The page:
Loose Change was among the first truly viral videos on the internet. An online phenomenon, it was watched by tens of millions of people and remains one of the most successful independent documentaries of all time.
But the man who wrote it is sorry it ever saw the light of day.
Dylan Avery was only a teenager on September 11, 2001, the day al-Qaeda terrorists piloted hijacked passenger planes into the World Trade Center in New York and the Pentagon in Washington D.C.
The following year, the aspiring filmmaker from Oneonta, New York, started pulling together a drama about a group of high school friends who discover the 9/11 attacks were a US government conspiracy. Only a few scenes were ever filmed before a lack of finances crippled the production.
But Avery found another avenue for his storytelling: documentary.
By then, conspiracy theories about the attacks had emerged on forums and sites like 911review.com and whatreallyhappened.com, most questioning whether the US Government had engineered (or at least deliberately not stopped) the attacks in order to justify its subsequent 'War on Terror' in Iraq and Afghanistan.
A self-described "angsty kid", Avery tucked himself away in his basement apartment in Washington D.C. and dedicated time between his shifts at a local restaurant to pulling together some of the most compelling theories.
With the help of childhood friend and US Army vet, Korey Rowe, he crafted a rudimentary, hour-long feature film that was released in April 2005 via DVD and the file-sharing platform BitTorrent.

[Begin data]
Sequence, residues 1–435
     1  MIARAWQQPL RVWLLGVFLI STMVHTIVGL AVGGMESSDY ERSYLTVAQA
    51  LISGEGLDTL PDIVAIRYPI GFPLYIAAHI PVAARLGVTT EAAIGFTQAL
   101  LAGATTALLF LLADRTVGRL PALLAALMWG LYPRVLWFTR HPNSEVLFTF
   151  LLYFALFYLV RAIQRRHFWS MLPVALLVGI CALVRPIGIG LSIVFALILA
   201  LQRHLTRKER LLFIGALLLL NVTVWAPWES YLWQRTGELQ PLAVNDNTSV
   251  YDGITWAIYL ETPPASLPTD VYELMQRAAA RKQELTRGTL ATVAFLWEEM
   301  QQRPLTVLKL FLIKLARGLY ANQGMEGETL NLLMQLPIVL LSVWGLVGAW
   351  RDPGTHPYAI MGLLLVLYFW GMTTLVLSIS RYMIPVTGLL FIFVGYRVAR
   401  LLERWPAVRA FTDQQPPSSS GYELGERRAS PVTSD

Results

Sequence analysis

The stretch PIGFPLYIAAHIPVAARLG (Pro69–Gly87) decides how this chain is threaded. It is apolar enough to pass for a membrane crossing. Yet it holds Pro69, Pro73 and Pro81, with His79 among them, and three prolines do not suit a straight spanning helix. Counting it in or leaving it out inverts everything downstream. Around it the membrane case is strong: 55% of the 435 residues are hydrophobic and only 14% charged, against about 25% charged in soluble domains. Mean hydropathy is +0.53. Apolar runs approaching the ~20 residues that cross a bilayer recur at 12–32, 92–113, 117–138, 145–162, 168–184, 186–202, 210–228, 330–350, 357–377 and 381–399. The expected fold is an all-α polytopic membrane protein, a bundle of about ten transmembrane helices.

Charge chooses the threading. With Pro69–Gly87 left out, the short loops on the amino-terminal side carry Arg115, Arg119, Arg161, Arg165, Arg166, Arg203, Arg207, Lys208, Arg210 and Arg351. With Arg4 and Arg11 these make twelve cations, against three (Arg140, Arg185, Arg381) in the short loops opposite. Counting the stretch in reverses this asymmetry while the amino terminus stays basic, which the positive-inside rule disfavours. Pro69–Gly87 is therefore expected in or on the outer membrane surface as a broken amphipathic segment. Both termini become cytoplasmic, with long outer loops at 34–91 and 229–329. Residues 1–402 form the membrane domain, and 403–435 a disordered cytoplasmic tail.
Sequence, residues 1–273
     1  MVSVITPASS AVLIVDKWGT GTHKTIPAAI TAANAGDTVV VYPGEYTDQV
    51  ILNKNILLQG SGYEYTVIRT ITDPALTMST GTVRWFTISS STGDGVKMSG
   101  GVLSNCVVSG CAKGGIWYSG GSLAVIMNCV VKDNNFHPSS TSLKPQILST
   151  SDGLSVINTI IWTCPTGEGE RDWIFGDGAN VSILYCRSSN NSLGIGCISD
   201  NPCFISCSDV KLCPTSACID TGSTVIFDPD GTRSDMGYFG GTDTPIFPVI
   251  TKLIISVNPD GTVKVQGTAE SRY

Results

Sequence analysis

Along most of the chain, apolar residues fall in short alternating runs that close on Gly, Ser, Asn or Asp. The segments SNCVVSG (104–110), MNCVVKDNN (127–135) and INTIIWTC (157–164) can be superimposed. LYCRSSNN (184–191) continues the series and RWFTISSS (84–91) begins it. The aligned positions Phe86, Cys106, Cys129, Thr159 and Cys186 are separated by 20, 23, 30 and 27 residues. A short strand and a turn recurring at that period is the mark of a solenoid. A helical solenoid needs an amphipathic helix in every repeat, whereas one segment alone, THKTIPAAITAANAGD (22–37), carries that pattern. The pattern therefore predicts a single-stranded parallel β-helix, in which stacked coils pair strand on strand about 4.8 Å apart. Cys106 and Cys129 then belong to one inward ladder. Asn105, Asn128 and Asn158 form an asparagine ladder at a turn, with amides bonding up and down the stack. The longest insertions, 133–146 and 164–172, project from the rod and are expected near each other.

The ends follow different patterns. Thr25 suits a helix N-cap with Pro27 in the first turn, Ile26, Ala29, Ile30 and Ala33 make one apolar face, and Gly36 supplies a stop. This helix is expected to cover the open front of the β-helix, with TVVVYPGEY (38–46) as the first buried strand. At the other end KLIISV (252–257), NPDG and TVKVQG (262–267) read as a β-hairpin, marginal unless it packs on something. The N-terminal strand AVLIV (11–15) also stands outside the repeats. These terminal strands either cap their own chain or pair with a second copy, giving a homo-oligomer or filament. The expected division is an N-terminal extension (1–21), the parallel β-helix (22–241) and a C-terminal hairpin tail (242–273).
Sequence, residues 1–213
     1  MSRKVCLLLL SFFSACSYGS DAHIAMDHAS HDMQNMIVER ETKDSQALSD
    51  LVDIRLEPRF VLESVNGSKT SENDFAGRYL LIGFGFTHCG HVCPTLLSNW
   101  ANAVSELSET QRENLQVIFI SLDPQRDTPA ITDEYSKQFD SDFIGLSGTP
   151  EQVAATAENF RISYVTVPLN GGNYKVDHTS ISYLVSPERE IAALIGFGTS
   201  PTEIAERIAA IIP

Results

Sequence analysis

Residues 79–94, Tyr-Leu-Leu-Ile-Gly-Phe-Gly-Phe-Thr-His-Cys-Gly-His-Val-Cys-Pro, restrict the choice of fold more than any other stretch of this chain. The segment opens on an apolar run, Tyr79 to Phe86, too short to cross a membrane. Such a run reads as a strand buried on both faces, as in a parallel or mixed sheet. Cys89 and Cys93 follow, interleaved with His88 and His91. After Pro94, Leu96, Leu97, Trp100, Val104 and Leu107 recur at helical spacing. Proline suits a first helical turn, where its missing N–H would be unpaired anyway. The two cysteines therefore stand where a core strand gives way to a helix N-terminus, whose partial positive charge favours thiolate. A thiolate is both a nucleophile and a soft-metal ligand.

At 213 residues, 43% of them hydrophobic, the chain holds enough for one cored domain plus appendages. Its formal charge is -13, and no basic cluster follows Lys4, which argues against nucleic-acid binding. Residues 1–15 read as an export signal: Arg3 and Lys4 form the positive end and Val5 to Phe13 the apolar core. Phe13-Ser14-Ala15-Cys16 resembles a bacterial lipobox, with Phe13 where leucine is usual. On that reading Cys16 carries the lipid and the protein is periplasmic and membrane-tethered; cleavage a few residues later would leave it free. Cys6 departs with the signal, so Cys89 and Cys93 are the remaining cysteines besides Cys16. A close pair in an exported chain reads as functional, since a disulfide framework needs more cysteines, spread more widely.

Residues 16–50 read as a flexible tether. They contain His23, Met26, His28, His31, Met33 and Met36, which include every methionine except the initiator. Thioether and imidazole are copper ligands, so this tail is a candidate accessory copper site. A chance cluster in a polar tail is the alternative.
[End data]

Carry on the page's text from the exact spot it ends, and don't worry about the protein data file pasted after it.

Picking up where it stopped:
Watch: the trailer for a later edition of Loose Change.
The original Loose Change was more like a PowerPoint presentation than the slick, homemade conspiracy films populating the internet today. But something about it resonated with those desperately seeking an explanation for the atrocities of that September day.
After Avery, Rowe and their new 'researcher', a 9/11 conspiracy obsessive named Jason Bermas, released a second edition of the film, it went to new heights. Fans ripped it from DVD and uploaded it to Google Video, a now-defunct YouTube equivalent, where it was viewed over 10 million times.
Multiple editions were released over the following decade, posing theories that the attacks were an "inside job". Some of the most resonant being that the Twin Towers collapsed due to controlled demolition, that Flight 77 wasn't flown into the Pentagon, and that Flight 93 (which crashed in Pennsylvania after brave passengers overthrew the hijackers) landed safely in Connecticut.
Though these theories have been thoroughly and repeatedly debunked, Loose Change became a touchstone for the swelling '9/11 truthers' movement.
"I'm sorry I made the 9/11 thing."
Of course, the bogus claims around the September 11 attacks weren't the first conspiracy theories. Think Roswell, the Moon Landing, the J.F.K. assassination.
But the conditions under which they — and by extension, Loose Change — entered the zeitgeist ensured they flourished like none had before.
Having experienced the deadliest attack on US soil since the 1941 bombing of Pearl Harbour, people were traumatised and scared; something research has repeatedly cited as fertile ground for conspiracies.